Copyright 1998 - N.C. Administrative Office of the Courts


SCOTLAND COUNTY, Plaintiff-Appellee, v. GILBERT P. JOHNSON, Individually and as Executor of the Estate of Mary Patterson Johnson; JAMES E. JOHNSON, JR., Individually and as Executor of the Estate of Mary Patterson Johnson; IRENE D. SANN JOHNSON, Individually and as Executrix of the Estate of Hervey McNair Johnson; ESTATE OF MARY PATTERSON JOHNSON; ESTATE OF HERVEY McNAIR JOHNSON, Defendant-Appellants.

No. COA98-275

(Filed 29 December 1998)

1.    Appeal and Error--appealability--condemnation action

    In an action arising from the condemnation of property for a landfill, the trial court's order granting judgment for the county on all issues except compensation was immediately appealable.

2.    Eminent Domain--condemnation for landfill--pre-suit notice-- purpose and amount of property

    The trial court did not err in an action arising form the condemnation of property for a landfill by ruling that the County had complied with the procedural requirements for exercising its powers of eminent domain where defendant contended that the complaint and pre-suit notice were fatally inconsistent. There is no fatal inconsistency between the notice and complaint as long as the original purpose remains, even if additional or different uses are considered.

3.    Eminent Domain--condemnation for landfill--public use or benefit

    In an action arising from a condemnation for a landfill, the purposes stated in the pre-suit notice under N.C.G.S. § 40A-40 were public purposes where the notice stated that its intention or purpose was enlargement and improvement of the landfill. Although defendants assert that the County's plan to use their land for the mining of soil material and for a buffer zone were not authorized by statute because the buffer zone was not required and mining defendants' land for soil was an economic decision, all that is required in the pre-suit notice is a statement of purpose and the stated purpose in this case is recognized as a public enterprise by N.C.G.S. § 153A-274(3).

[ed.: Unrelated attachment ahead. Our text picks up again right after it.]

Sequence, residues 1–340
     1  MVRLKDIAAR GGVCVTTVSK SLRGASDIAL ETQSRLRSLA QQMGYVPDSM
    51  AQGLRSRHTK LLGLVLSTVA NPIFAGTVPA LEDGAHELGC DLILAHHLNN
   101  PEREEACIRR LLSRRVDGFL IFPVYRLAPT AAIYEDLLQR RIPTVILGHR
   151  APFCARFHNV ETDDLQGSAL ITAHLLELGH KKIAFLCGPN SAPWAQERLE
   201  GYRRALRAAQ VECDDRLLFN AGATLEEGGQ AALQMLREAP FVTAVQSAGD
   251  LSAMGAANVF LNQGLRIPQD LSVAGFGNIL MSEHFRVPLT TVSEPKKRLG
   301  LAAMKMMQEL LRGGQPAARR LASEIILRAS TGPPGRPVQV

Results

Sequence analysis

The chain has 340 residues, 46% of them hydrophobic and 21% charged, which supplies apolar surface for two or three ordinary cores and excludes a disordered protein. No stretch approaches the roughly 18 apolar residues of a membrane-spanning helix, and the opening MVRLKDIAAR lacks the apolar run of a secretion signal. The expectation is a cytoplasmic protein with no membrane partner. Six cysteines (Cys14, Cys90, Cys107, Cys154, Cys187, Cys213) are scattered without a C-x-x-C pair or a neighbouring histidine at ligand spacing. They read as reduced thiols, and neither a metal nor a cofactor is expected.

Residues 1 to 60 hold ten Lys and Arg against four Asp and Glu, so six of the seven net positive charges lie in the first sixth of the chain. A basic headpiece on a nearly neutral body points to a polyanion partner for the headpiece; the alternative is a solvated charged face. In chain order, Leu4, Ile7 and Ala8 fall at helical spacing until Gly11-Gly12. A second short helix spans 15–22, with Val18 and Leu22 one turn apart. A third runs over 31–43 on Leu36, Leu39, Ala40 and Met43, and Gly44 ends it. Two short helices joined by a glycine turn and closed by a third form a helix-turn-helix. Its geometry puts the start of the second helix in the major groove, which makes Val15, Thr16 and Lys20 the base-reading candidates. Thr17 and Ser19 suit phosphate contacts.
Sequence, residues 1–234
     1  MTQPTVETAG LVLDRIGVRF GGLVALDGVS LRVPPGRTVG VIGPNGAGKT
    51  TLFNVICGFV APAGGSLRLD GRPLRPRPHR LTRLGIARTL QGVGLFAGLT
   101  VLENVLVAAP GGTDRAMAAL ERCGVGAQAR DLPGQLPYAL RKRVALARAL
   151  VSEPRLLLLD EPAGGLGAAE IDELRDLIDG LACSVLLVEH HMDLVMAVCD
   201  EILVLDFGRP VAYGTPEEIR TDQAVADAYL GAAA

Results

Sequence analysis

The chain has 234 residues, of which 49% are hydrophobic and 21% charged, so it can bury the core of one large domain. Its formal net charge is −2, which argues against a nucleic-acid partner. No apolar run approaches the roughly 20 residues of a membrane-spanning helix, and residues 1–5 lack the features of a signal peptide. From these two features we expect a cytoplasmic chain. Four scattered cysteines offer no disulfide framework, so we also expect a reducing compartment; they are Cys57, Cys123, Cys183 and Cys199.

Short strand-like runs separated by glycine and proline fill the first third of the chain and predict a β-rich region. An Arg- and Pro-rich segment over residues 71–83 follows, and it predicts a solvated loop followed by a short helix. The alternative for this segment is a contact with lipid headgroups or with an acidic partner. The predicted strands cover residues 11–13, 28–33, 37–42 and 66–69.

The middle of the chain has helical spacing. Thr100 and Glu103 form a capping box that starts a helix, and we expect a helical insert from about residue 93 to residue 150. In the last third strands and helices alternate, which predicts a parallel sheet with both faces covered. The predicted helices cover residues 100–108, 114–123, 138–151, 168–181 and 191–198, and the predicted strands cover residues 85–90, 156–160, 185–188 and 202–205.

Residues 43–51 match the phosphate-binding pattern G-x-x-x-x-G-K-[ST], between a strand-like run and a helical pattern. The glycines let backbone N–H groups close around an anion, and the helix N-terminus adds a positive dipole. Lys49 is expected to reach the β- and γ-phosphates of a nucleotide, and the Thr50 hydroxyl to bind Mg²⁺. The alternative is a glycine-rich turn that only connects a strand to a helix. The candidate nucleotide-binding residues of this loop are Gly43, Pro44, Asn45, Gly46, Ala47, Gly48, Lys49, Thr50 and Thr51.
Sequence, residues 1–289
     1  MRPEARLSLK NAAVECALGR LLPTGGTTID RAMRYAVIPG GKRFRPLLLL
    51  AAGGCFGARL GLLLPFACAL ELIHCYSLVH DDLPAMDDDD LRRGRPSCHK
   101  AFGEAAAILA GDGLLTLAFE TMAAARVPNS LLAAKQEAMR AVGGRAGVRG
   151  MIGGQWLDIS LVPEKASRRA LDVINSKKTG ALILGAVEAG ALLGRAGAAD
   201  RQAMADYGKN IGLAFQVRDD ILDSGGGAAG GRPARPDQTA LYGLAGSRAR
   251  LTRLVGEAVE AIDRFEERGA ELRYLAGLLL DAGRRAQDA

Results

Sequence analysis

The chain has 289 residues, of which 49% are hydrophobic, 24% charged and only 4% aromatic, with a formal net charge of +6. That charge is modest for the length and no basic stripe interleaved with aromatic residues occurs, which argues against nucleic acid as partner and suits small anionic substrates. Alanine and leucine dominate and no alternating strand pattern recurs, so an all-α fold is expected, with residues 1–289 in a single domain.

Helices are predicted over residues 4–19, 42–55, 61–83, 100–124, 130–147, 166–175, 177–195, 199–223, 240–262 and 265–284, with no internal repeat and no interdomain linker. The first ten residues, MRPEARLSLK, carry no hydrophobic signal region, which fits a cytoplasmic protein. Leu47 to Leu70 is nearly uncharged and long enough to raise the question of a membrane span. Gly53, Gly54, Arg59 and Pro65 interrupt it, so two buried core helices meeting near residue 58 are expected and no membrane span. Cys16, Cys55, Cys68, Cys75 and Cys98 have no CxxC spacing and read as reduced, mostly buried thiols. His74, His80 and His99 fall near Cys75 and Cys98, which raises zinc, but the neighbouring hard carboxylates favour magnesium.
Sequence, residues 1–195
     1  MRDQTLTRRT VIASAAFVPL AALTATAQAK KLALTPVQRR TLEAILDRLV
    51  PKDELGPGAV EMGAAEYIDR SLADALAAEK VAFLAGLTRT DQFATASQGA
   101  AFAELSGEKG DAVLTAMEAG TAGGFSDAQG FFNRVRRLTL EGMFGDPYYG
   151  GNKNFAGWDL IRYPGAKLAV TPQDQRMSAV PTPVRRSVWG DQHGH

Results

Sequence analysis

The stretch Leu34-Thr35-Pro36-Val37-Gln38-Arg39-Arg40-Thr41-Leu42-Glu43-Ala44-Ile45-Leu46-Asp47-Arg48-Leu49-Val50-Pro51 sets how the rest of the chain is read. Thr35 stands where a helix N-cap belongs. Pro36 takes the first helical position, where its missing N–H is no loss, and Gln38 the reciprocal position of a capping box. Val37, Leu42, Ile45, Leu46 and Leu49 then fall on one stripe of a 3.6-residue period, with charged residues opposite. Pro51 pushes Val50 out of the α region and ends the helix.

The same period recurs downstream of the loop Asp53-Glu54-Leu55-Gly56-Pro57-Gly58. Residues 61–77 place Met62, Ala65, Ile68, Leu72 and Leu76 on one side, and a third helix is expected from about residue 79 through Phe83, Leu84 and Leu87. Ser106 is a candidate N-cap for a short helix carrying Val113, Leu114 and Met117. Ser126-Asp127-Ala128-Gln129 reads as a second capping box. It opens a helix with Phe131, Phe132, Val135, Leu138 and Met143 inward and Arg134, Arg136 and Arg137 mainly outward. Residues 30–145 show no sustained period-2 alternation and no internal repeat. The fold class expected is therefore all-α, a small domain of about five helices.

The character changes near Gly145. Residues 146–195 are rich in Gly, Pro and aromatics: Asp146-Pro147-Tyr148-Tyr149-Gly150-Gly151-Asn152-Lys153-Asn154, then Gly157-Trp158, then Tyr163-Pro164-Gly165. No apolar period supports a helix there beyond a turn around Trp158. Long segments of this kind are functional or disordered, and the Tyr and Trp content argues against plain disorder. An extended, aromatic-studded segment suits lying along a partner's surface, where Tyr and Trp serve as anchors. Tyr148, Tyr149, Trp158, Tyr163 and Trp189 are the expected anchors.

4.    Eminent Domain--condemnation of landfill--purposes stated in complaint but not in notice

    The trial court did not err in an action arising from the condemnation of a landfill by considering additional uses of the condemned land stated in the complaint but not in the pre-suit notice because the uses corresponded with the stated public purpose in the notice of expanding and improving the landfill.

5.    Eminent Domain--condemnation for landfill--purposes not stated in pre-suit notice or complaint

    The trial court did not err in a condemnation action for a landfill where defendants alleged that the court considered purposes not stated in either the pre-suit statutory notice or the complaint. The court concluded that the taking was for the valid purpose of improving the landfill and the proposed uses all corresponded to that stated purpose.

6.    Eminent Domain--condemnation of landfill--fair and careful consideration of the evidence

    The trial court conducted a fair hearing and considered all of the evidence in an action for condemnation of property for a landfill.

7.    Eminent Domain--condemnation for landfill--counterclaims for trespass, conversion and removal of timber

    The trial court correctly denied defendants' permission to amend their complaint in an action arising from condemnation of property for a landfill where defendants sought to counterclaim for trespass and conversion based upon wrongful removal of timber.

    Appeal by defendants from judgment entered 26 September 1997 by Judge William C. Gore, Jr. in Scotland County Superior Court. Heard in the Court of Appeals 26 October 1998.